Flickr photo by drpritch.

In 2007, a Los Angeles bus driver passed a cyclist at a very unsafe distance. When the cyclist confronted the driver, she screamed at the cyclist. He calls the police, who, without interviewing anyone, handcuff the cyclist and his wife, and refuse to charge either the driver or a passenger who jumped out and spit on the cyclist.

This happened shortly after a community meeting for police and bicyclists to discuss respect for and enforcement of laws for bicycles. Does DC need some community meetings of its own to clear the air between bus drivers, police and bicyclists? This morning, bicycle advocate Jeff Peel had experience eerily similar to LA’s:

The incident [with a southbound 53 bus] happened at approximately 8:45am at the southbound intersection of 14th & R NW.

My first encounter with the bus was between U and T streets. Due to snow and ice on the roadway I was riding along the line dividing the bike lane and the right most travel lane at approximately 20-25mph. The operator passed me in the right hand travel lane at a high rate of speed (the speed limit is 25mph through here if I’m not mistaken) within less than 3 feet. I know this because it was close enough to touch. Scared, frustrated and angry I spit at the driver’s rear view mirror when passing him at his next stop near the intersection with S street. He was also had not fully pulled into the stop and was blocking the bike lane and a portion of the right travel lane.

Once I stopped at the light at R street at the edge of the back of the crosswalk and on top of the stop bar, the operator pulled past his stop within inches of me stopped on my bike. Had I not noticed him out of my periphery and ducked, the mirror of his bus would have struck me in the back of the head. The operator then proceed to grab at me (he had pulled up close enough to reach me) while screaming at me through his window. He refused to tell me his name, and I had to briefly block the path of the bus to get the bus number in order to record it.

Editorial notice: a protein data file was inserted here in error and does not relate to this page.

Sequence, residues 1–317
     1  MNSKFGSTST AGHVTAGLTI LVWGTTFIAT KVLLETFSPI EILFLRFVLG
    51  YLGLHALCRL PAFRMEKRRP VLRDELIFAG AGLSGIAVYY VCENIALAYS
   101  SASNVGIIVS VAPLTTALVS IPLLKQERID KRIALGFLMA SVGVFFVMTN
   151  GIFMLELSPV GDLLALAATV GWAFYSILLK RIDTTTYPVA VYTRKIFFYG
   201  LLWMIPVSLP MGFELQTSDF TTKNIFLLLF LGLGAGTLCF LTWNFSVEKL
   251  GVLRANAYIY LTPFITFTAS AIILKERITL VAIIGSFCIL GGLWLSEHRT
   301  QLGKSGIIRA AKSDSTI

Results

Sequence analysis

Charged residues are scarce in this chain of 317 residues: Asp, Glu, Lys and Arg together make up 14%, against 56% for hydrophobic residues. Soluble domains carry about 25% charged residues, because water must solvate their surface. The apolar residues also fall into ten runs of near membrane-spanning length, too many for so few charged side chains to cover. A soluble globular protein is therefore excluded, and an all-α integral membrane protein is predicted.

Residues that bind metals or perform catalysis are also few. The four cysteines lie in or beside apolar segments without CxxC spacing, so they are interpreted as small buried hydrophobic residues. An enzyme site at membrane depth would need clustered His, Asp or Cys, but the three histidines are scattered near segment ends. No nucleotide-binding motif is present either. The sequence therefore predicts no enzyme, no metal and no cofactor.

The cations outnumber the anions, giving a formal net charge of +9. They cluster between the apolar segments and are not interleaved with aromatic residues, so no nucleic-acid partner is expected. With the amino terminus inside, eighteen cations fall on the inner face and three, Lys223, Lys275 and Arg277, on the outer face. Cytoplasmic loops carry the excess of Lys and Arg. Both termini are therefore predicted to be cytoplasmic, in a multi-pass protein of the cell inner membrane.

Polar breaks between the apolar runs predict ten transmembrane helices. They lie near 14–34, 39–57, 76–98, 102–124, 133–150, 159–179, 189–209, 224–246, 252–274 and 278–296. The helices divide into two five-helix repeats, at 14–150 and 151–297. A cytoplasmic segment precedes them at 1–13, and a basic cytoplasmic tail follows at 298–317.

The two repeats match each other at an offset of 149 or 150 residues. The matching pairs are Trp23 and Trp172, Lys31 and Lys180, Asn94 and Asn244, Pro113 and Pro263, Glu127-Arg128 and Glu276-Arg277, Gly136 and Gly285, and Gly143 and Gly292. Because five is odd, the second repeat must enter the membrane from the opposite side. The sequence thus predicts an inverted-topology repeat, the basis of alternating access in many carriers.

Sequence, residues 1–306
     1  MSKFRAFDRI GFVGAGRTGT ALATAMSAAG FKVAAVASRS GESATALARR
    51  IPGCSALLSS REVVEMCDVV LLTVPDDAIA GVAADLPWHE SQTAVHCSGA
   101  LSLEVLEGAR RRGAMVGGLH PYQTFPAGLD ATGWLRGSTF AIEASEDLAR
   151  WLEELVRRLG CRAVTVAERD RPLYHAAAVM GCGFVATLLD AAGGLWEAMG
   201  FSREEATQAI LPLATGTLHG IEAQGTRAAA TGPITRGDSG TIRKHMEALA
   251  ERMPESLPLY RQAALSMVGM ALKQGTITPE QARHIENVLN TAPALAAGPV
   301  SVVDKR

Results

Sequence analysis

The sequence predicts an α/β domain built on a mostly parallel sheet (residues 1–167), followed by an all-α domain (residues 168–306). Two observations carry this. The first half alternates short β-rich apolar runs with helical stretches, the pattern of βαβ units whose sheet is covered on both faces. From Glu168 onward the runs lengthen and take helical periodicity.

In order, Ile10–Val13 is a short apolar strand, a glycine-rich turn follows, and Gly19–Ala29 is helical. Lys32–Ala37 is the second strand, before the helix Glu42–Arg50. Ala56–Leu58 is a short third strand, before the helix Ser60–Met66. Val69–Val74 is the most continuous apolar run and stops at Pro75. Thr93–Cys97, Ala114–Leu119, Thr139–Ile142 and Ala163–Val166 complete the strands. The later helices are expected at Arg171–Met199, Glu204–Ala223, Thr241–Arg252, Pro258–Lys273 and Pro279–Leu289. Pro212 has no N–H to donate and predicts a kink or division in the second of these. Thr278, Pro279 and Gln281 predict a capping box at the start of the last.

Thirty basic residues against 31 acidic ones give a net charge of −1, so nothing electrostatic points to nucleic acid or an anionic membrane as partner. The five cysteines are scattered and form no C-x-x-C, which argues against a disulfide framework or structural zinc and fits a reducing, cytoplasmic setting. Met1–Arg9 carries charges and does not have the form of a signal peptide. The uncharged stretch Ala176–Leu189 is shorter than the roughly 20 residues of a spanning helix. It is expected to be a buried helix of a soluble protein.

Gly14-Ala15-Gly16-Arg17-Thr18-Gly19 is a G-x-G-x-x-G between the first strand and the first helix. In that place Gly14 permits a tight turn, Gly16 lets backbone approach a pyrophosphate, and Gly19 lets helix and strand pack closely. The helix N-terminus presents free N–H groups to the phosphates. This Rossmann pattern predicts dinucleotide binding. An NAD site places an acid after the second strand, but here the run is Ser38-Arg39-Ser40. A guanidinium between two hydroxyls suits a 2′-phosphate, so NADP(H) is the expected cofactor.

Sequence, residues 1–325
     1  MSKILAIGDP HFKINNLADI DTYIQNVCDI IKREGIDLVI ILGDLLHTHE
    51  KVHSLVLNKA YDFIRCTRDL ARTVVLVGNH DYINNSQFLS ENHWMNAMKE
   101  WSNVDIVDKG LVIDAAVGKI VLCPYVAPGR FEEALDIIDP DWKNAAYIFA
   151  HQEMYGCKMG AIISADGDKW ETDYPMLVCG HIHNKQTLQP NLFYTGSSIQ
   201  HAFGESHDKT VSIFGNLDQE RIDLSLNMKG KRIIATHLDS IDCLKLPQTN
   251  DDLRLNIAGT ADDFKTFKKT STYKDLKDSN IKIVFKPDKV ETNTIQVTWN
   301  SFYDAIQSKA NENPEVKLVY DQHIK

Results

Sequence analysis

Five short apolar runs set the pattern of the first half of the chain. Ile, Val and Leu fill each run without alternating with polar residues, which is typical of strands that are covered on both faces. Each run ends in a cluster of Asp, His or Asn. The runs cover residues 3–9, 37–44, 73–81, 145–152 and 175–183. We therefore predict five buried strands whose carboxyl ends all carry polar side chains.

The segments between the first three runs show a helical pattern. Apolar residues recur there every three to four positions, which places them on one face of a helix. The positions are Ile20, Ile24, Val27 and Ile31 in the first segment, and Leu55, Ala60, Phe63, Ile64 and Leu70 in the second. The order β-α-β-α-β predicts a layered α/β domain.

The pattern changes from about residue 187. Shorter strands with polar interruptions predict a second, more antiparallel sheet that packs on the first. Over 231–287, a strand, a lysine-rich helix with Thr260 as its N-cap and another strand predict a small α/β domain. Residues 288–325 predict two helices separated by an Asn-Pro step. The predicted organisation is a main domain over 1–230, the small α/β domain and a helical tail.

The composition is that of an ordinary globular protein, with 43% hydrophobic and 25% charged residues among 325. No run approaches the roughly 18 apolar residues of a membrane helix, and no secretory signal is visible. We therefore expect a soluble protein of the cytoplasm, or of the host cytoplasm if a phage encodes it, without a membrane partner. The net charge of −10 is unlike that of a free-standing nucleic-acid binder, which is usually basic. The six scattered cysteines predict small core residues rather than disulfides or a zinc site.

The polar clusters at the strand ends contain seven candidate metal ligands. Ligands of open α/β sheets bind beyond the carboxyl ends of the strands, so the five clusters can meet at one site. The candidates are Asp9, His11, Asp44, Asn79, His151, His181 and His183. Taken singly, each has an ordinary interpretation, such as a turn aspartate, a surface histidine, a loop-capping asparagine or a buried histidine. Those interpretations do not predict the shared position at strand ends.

I know my actions may have escalated the situation, and I should not do this out of my own safety. However this does not negate the fact that the operator failed to pass me within a safe legal distance, and then attempt to use his bus as a weapon to strike me with.

Due to my previous negative interactions with Metro police in similar incidents and how difficult the complaint system is, I called for MPD instead. While on the phone with dispatch I was able to flag down an officer who upon hearing what happened refused to file a report and drove off. Dispatch then had Officer

with 3rd District respond. Because the operator didn’t actually hit me she refused to file any sort of “accident” report. I stated that I did not want to file an accident report, that I wanted to report the driver passing to closely and an attempted assault, of which she refused to do either. Seeing the conversation going nowhere I took her name, but she failed to give her badge number.

The S routes and 50 routes encounter a LOT of cyclists once they reach Columbia Heights and south into downtown. I do hope these routes and operators are called out for special training in how to better interact with pedestrians and cyclists. Additionally, I regularly observe them running red lights and speeding. While many suburban customers have stopped using the system due to parking rates and frequent train malfunctions, I know more and more DC residents who are shying away from your transit system due to such poor performance of many of your bus system and the behavior of your bus operators.

It is entirely legal for cyclists to ride in the regular travel lane, especially if conditions like snow and ice make the bicycle lane unsafe. Cyclists can do it for any reason, though. Unfortunately, some drivers don’t know this, and try to drive extra close to cyclists to “teach them a lesson”. That’s dangerous, and illegal. Our officers, charged with protecting the public, need to protect our vulnerable bicycle riders as well. It’s also unconscionable for an officers to refuse to disclose their badge numbers, regardless of whether they are in the right or wrong about the underlying incident.

David Alpert is Founder and President of Greater Greater Washington and Executive Director of DC Sustainable Transportation (DCST). He worked as a Product Manager for Google for six years and has lived in the Boston, San Francisco, and New York metro areas in addition to Washington, DC. He lives with his wife and two children in Dupont Circle. Unless otherwise noted, opinions in his GGWash posts are his and not the official views of GGWash or DCST.